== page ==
It's four am on the Vegas strip, and I'm out jogging. Left from your condo and was shocked when I wasn't blinded by the neon. I have bruises on my knees and I think I might have broken a toe (we moved furniture for eight hours; my arms trembled at the sight of another Louis XVI chair). There's nobody out here at four am…nobody except the street cleaners and taxi drivers and people too drunk to remember which high rise resort they're staying in. It's not hot, yet, but I can feel the shimmering promise of another triple digit day. My shirt isn't sticking to my back, yet. I don't know how long I can keep this up; jogging with a broken toe is never a good idea. I can't hear the drunken outbursts, the 'hey mama, what's your name?' whistles and catcalls don't faze me. My heart beats in triplicate and I'm thinking of turning around. One more mile and I'll be able to fly.
It's four am in London, and I have a flight at noon. I've packed. I'm not sure how ready I am to go back to New York. I stare out of my window, across nothingness towards nothingness. If I squint, I tell myself I can see the ocean, but it isn't true. I tell myself I can see a lot of things. My window is wide, but I can't open it further than a little crack. Palahniuk says it's to keep people from jumping, but I think it's to keep people from smelling the dank air. I called London home once (before), and I may well again. But for now, I'm standing, watching the lightening of the sky and wondering what yesterday will bring to me again.
I missed a flight, and it's four am in Washington DC. I should be angrier than I am, but that would be taking everything out of context. My whole life is nothing but four AMs, and it's taken me a while to admit that I like it that way. Wham, bam, I've become an adult. I can order drinks on planes, stay out all night, make horrible choices and maybe a few good ones. The airport is practically empty, a group of kids just flown in from somewhere in Europe, sleeping upright in uncomfortable chairs. I have nothing but a fiver in my pocket and the exchange office isn't open. There is nowhere to be, and for one blank moment I feel scared. Then my eyes open…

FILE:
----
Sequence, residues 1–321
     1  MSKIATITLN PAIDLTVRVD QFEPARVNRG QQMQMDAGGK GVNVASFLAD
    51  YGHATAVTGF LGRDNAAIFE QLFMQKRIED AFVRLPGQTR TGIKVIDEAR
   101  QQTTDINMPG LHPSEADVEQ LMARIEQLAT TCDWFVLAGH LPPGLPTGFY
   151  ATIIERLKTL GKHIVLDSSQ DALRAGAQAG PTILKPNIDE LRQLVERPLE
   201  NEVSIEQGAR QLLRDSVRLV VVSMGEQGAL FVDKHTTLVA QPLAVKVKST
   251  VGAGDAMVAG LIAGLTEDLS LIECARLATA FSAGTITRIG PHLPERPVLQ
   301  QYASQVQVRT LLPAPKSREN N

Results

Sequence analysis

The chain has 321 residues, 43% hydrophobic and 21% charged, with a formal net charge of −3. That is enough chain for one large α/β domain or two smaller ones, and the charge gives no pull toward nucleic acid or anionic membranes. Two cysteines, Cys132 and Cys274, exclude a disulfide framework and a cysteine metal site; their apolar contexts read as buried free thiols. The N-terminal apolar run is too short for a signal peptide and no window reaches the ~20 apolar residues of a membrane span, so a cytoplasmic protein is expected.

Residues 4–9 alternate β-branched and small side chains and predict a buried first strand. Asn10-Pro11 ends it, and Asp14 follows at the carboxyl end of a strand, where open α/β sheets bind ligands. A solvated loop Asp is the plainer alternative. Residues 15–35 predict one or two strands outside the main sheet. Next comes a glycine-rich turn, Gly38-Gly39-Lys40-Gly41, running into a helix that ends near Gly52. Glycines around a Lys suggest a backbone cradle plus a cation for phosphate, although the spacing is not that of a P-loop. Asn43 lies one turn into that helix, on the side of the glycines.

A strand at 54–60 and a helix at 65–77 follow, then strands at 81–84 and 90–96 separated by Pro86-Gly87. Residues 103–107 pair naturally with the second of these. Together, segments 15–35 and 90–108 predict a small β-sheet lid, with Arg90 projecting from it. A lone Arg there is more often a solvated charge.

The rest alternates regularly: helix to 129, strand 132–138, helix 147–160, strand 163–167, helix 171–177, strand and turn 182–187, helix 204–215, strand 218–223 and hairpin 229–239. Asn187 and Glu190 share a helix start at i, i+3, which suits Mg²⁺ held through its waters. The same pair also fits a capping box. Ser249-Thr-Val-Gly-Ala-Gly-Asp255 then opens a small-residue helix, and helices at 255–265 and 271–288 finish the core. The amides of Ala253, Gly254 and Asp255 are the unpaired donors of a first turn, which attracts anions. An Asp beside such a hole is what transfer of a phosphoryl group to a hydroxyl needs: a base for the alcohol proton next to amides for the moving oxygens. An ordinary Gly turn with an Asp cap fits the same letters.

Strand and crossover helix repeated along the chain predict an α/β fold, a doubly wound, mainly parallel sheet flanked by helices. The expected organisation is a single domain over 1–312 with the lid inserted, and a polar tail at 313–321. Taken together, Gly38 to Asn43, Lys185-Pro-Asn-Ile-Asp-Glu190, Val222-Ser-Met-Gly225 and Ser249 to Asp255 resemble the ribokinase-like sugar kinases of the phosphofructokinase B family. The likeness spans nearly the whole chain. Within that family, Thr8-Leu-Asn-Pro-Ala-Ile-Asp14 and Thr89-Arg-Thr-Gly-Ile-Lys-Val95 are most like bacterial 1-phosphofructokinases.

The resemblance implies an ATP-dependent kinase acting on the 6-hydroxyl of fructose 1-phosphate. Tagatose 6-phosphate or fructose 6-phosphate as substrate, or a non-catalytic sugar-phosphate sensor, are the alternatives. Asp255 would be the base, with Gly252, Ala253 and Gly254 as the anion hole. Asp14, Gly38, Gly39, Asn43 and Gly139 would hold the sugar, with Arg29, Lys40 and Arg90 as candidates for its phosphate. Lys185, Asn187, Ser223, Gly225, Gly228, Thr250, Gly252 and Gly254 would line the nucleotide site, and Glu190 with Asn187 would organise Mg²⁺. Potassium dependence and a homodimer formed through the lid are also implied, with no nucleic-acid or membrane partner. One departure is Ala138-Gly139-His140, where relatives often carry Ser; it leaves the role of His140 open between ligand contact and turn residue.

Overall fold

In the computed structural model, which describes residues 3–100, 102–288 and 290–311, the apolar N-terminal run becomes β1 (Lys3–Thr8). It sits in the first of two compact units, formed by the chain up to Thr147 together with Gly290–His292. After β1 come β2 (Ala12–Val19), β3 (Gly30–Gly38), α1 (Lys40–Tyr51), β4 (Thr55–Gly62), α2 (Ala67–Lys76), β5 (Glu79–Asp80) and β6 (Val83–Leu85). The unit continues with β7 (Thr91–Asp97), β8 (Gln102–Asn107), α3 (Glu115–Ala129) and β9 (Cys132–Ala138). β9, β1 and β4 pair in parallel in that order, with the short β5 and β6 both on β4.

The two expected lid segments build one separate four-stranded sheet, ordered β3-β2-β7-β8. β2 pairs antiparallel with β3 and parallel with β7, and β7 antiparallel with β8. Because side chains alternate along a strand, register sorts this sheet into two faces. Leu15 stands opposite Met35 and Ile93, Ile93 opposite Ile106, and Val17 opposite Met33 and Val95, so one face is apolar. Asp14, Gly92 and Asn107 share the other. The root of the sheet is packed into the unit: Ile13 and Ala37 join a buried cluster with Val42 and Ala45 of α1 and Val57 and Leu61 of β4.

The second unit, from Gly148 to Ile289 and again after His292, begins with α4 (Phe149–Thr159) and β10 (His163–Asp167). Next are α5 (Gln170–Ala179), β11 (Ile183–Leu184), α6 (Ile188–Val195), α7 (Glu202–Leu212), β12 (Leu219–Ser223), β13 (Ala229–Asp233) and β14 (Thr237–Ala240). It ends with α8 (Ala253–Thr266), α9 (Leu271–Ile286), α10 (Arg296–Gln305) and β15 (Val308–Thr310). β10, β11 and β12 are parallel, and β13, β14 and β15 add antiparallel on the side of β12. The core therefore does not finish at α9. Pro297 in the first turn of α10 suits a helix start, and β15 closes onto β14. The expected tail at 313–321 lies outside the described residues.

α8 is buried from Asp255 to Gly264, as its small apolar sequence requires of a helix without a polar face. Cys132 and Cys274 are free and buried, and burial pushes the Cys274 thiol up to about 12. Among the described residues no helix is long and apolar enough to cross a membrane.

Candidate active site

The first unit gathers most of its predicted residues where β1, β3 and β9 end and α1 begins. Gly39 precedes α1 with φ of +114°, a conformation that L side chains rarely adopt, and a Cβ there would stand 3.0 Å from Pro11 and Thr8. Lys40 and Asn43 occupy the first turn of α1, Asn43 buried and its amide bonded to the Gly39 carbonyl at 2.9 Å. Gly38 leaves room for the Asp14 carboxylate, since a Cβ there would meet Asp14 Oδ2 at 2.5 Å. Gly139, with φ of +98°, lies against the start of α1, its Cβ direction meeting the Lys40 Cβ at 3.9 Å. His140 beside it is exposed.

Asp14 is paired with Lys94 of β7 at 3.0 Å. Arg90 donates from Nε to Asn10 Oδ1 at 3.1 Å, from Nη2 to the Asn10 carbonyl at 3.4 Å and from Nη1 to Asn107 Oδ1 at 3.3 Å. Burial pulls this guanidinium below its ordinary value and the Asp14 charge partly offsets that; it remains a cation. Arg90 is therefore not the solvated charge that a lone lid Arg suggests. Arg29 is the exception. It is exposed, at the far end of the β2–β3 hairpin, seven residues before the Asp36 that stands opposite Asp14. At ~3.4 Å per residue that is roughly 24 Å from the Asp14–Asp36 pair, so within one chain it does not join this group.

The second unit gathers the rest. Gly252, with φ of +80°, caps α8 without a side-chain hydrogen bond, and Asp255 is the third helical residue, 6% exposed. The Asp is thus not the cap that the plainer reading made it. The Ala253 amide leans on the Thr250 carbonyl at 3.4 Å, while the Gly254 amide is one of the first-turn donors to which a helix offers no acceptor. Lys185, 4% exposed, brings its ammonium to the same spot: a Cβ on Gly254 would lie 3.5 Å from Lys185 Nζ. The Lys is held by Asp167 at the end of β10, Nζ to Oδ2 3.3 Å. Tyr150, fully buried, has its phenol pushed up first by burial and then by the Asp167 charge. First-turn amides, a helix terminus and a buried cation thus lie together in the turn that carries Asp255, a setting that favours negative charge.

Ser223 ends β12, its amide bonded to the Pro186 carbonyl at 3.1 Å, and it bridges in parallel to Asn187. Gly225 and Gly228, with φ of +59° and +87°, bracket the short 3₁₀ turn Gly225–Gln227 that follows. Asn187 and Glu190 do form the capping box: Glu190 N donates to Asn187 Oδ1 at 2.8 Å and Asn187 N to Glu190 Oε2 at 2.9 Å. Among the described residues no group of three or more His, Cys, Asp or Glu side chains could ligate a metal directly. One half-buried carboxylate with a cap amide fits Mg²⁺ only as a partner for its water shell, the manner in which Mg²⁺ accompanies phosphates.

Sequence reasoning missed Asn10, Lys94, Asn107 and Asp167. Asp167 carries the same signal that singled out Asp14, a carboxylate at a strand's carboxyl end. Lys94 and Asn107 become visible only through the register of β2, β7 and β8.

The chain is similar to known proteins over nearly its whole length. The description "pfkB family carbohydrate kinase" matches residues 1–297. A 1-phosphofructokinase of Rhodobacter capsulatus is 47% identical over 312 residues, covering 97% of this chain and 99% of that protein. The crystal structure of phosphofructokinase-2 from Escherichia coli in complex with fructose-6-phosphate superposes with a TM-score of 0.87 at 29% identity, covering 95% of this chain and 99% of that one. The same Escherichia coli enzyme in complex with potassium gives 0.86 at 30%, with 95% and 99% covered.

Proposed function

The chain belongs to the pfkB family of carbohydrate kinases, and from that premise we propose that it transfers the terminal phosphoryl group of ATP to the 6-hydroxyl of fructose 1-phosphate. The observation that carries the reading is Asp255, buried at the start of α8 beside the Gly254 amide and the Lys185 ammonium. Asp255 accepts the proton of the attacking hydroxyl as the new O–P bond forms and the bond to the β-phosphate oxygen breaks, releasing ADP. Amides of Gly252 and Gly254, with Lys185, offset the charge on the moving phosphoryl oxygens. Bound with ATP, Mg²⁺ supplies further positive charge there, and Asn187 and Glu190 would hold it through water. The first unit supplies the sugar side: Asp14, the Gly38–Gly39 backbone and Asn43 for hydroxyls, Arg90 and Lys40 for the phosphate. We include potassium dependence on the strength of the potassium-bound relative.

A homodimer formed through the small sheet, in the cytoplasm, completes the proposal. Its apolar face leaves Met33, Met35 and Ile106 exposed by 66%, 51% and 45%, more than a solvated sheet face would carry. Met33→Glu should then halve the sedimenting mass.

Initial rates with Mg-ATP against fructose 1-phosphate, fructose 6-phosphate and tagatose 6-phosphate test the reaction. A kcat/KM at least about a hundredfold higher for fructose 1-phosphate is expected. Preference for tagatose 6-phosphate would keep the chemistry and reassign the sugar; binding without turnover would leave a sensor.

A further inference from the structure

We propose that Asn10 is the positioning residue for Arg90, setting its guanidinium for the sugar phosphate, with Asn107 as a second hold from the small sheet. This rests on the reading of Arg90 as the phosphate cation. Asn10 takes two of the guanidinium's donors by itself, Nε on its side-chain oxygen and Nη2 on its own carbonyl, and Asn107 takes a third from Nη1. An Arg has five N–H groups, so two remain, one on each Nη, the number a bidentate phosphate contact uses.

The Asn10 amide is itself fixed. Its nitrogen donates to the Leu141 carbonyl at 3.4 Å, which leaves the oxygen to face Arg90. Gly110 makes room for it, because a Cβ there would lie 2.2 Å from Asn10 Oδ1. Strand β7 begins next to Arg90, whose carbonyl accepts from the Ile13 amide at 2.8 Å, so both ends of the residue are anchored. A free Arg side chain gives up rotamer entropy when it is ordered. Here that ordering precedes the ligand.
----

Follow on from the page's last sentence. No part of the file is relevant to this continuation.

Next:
It's four am in Tokyo. I don't know anything else. My brain is miles away and two days late. I'd look at my watch but I haven't set it. My phone alarm keeps going off but it's pointless; I have nowhere to be. My phone beeps again, a text message. Someone down the hall is awake, and somehow he has my number. Of course I know who it is, but answering it obliges my brain to catch up with my fingers, and I can't be bothered.
It's five am on the Vegas strip, and I'm running back home to you. Each breath I take burns and the sky is bright now. It's going to be a warm day. I know I left you sleeping, and when I come back I know you'll still be sleeping. Funny, how my life has revolved, changed, and you're still dreaming, curled under a sheet. I almost envy you.